However, the Governments White Paper lacks ambition on improving our diet and food security- failing to listen to Henry Dimbleby’s Independent National Food Strategy. First, on dietary health there is no mention on market interventions to tax those companies producing HFSS foods. This tax on companies was going to be used to fund fruit and vegetable subsidies for those experience food insecurity. . This is surprising bearing in mind the economic cost to the UK of dietary ill-health. The Government says it’s going to deal with this in the Health Disparities White Paper later in the year but we need urgent action now! Dimbleby’s review also called for action on Free School Meals and there is no action in the Governments White paper to extend the provision of Free School meals or to review the current combined income eligibility threshold for Free School meals which is a £7,400 per year. Furthermore, there appears to be no mention in the White Paper on protecting UK farmers in international trade agreements on imports from countries with lower food and animal welfare standards. In summary, the UK Government is failing to use the full range of policy tools to both improve the Nation’s Health and tackle household food insecurity in the UK. We call on the Government to implement the recommendations of the National Food Strategy in full!

Milking the environmental benefits of private investment

The Resilient Dairy Landscapes project was funded by the Global Food Security Programme and officially came to an end recently, with the exception of some activities being completing during this year due to covid delays. The project was a collaboration that came out of the original N8 AgriFood programme which explored the trade-offs between farmers’ livelihoods, the natural environment and a stable supply of reasonably priced dairy products.

You can read a recent press release here and their publications can be found on their website.

In addition their latest policy brief on hedgerow soil carbon can be read here.

Regenerative agriculture survey

As part of their research into regenerative agriculture for the FixOurFood programme, the University of Leeds is leading a project to understand the current opinions, activities and challenges associated with regenerative agriculture in the Yorkshire area.

The team is capturing data via a survey which can be found here: https://leeds.onlinesurveys.ac.uk/regenerative-agriculture-survey-leeds

The team is also launching a Yorkshire RegenAg farmer network to bring farmers together, guide research efforts and understand how the University of Leeds can support Yorkshire farmers in the area, through activities such as sharing information, building a network, testing ideas, designing experiments and taking measurements.

The results and information from the survey will be shared with the farmer network and fed into the wider FixOurFood programme to guide policy and practice using Yorkshire as an example system. If you want to find out more please contact Dr Ruth Wade r.wade@leeds.ac.uk or sign up to the FixOurFood mailing list https://fixourfood.org/

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Sustainable consumption in the global South – trends, practices and influences

The final report of a three year ESRC funded research programme into the current and potential roles of consumption in the global South has been published.

The study, led by Prof Alex Hughes at Newcastle University, places the spotlight on the growing middle classes in the global South – exploring issues of ethics and sustainability regarding food consumption, choices, values and practices.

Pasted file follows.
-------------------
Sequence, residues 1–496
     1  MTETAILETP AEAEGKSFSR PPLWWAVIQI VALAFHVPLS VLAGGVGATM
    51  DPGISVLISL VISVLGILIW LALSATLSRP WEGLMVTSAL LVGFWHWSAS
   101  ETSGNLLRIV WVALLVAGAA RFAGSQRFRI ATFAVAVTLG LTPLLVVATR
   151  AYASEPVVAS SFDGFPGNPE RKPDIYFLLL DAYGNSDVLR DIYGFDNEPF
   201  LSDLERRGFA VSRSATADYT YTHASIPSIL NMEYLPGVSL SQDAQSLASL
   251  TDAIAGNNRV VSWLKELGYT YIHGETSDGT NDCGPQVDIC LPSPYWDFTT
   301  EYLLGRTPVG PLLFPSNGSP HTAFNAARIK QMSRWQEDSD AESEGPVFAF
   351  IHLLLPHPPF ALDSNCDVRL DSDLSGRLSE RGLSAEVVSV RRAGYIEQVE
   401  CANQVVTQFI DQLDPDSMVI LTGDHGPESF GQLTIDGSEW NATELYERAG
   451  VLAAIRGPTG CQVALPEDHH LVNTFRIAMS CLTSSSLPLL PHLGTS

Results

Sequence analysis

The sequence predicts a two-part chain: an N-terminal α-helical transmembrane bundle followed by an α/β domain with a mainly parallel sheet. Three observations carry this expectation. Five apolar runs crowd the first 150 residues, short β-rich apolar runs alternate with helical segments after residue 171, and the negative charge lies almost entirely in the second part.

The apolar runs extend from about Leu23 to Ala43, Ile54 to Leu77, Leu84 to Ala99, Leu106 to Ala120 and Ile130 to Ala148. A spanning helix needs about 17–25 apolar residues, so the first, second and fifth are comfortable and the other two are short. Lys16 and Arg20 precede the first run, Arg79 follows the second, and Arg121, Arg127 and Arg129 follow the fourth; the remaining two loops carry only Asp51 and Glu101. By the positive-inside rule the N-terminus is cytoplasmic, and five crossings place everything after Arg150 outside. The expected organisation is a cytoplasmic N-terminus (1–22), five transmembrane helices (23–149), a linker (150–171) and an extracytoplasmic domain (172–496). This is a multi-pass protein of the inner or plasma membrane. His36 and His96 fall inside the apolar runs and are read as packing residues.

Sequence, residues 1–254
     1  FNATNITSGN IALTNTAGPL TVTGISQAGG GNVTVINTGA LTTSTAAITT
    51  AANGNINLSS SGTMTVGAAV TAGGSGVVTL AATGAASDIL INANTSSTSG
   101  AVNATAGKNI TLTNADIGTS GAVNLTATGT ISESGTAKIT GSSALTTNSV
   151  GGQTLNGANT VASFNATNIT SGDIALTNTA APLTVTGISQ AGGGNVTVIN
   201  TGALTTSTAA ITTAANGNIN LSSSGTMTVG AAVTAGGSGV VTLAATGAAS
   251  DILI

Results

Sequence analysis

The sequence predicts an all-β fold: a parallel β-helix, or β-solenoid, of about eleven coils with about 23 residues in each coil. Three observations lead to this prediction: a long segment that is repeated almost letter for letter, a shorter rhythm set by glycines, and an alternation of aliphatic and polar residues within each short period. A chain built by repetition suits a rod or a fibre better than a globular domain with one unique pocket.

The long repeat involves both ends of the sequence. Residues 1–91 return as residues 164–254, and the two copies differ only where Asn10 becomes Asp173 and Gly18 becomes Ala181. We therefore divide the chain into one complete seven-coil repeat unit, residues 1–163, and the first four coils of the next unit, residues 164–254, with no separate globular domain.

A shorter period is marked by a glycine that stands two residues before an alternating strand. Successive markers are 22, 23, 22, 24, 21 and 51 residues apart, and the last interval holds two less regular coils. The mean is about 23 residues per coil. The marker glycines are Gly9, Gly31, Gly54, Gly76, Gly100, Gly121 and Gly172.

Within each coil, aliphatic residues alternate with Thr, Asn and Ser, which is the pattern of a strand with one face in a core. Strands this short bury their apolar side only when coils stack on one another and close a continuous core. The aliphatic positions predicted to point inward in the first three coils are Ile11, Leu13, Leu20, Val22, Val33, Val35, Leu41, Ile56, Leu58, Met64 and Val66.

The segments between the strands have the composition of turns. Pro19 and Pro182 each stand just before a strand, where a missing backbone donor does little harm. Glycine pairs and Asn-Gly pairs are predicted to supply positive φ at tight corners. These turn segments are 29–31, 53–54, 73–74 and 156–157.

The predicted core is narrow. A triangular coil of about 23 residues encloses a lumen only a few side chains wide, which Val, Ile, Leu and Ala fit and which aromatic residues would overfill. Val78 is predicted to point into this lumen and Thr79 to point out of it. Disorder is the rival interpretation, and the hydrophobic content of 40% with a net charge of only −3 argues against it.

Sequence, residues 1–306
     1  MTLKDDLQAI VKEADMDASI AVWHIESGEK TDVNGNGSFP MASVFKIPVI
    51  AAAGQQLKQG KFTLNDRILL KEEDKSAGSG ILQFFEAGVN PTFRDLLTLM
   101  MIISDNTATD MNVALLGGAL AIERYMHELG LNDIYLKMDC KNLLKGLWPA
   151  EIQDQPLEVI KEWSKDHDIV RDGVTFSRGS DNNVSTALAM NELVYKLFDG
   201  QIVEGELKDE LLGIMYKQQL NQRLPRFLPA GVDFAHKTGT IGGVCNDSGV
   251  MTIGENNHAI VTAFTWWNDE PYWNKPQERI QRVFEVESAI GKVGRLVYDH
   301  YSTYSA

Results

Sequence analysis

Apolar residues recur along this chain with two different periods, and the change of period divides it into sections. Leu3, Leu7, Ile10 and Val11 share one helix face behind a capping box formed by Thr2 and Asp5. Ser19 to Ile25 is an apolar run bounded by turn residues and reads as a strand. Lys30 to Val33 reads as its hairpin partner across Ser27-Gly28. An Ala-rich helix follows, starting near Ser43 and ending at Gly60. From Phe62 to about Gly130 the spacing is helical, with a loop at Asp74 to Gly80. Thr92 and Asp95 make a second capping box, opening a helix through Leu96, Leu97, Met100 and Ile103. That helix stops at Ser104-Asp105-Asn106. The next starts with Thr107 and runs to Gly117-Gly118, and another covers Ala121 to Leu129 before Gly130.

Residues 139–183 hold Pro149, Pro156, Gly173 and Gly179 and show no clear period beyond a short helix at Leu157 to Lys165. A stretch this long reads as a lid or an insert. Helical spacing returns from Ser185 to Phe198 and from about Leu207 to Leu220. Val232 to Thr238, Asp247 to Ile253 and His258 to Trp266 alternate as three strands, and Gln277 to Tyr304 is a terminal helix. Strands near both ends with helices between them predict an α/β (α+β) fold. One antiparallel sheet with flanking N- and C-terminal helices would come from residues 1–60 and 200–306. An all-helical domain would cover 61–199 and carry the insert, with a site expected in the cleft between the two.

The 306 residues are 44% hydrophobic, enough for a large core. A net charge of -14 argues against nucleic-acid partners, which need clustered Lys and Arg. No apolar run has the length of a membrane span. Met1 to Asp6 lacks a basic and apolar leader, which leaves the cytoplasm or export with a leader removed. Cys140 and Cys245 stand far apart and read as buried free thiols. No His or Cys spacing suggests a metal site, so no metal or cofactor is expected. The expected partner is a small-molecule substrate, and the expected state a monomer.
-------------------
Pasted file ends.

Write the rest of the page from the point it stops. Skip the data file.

The research examines these issues in Brazil, China, and South Africa, offering comparisons of the potential of different drivers of sustainability in particular political, commercial and cultural settings. The cities of Rio de Janeiro in Brazil, Guangzhou in China, and Johannesburg in South Africa are used as case studies.

Findings from the three cities show that sustainability and ethics are not only about organics or addressing climate crisis but involve everything from food safety to working conditions for farm workers, to healthy soils, zero carbon, strong local economies, reducing waste, robust local food cultures, and animal welfare and its role in preventing disease transmission. Sustainable and ethical food systems also need to be resilient to economic downturns or weather events and responsive to social, economic, and cultural issues.

A number of key issues and trends were unveiled by the research, which are useful for policy makers in private, third and public sectors.

As well as Newcastle the research collaboration involved three of the other N8 universities – Durham, Sheffield and York and built on work funded by a N8 AgriFood pump priming award. You can read the full report here.

 

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Megan Tresise from the University of Leeds and David Rapley from the University of Sheffield bring us two new POSTnotes.

Megan and David have have recently completed 3 month fellowships with POST, which were sponsored by the N8 AgriFood Policy Hub.

Restoring Agricultural Soils
Megan has published a POSTnote which summarises the state of England’s agricultural soils and evaluates soil stewardship opportunities. It also examines how changes to the management of agricultural soil could contribute to improving the ability of soils to produce crops, as well as to wider benefits including mitigating future climate change.

Genome editing food crops
David’s POSTnote describes genome editing technology and identifies which food crops are currently undergoing editing and why. It also describes the regulation and registration of genome-edited food crops, discusses issues around trade and describes stakeholder views about the technology.

You can read more here from Megan and David where they tell us about how their work fits within the current policy landscape and what they hope to achieve through their work with POST.

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Policy Hub POSTNotes set for publication following three-month fellowships